Times past - times present: The midwife
Lentz, Judith R.
Doctor of Philosophy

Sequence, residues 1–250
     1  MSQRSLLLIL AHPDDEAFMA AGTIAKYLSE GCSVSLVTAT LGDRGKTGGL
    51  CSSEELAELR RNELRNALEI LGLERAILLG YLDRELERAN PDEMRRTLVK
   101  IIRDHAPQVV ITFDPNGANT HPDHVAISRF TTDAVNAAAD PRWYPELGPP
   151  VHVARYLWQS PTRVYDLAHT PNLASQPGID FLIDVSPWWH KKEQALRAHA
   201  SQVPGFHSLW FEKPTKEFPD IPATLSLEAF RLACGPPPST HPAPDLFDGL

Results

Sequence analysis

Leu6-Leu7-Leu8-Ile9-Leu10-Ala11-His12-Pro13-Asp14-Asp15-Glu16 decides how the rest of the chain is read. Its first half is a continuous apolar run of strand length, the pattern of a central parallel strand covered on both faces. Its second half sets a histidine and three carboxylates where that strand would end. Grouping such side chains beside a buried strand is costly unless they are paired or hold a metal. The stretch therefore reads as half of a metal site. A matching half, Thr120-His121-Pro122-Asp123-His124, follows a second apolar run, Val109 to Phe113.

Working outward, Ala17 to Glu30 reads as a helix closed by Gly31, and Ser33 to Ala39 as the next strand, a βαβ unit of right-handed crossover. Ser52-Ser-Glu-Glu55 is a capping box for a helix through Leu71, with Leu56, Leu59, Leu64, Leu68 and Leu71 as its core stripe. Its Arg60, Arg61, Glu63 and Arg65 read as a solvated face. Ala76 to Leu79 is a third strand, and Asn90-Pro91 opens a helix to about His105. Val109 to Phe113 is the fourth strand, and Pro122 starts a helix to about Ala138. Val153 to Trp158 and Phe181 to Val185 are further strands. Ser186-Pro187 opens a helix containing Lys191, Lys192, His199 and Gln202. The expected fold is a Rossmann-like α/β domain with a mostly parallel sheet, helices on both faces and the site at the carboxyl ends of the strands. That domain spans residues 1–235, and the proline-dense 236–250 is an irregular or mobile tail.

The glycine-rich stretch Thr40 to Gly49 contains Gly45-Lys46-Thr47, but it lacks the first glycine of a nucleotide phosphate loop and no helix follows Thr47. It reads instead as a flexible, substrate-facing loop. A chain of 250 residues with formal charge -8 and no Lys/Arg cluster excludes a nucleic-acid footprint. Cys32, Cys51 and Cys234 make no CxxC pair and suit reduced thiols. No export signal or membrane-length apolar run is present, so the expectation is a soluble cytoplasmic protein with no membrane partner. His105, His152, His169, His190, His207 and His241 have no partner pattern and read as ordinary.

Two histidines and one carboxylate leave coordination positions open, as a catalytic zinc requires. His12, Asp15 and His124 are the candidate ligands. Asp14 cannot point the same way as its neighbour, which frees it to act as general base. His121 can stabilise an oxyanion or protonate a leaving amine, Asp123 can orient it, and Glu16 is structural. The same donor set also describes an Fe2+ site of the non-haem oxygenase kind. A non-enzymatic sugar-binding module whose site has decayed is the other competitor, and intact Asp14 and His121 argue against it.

Midwifery has re-emerged as a birthing system and women are again seeking midwives as their birth attendants. This pluralization of the U.S. medical system and its birthing system is on one level of interpretation is attributable to some primarily middle class women's and couples' dissatisfaction with hospital maternity care and with physicians' activist attitude and interventionist approach to child birth. The practice of lay or independent midwifery began to emerge in the late 1960's, in conjunction with, and as a response to, these women's demands for unmedicated birth experiences. It is argued that these women's dissatisfactions with medicalized birth and the lay midwife's alternative definition of and approach to birth are expressions of the more generalized dissatisfaction with the institutions of modernity, the materialistic explanation of science, and the rational solutions of technology. Consciously or unconsciously, the women who choose and the lay midwives who attend their alternative births are, by their decisions and actions, joining a larger social discourse which involves not only a rethinking of the efficacy of obstetrics as a total system for doing birth and the deconstruction of the institutions and practice of technological birth but a rethinking of the mechanistic worldview and of the Enlightenment enterprise of reconstructing society to conform with the principles of natural law and social relationships to conform with the theory of complementary gender relationships. The practice of midwifery was progressively taken over by men as the occupations were professionalized; but it was the elimination of the dualism in this society's social roles and interpersonal relationships, that disqualified the midwife as a birth attendant. The re-emergence of the midwife is not only associated with the deconstruction of the mechanistic worldview but the emergence of alternatives to the complementary gender relationships of modernity. The lay midwife's solution is to return to the dualistic roles characteristic of colonial America's traditional medical relationships. The nurse-midwife, by education and experience, works and thinks in such a way that the categories which characterize the particular genders and their respective realm of the caring and curing are harmonized rather than dichotomized.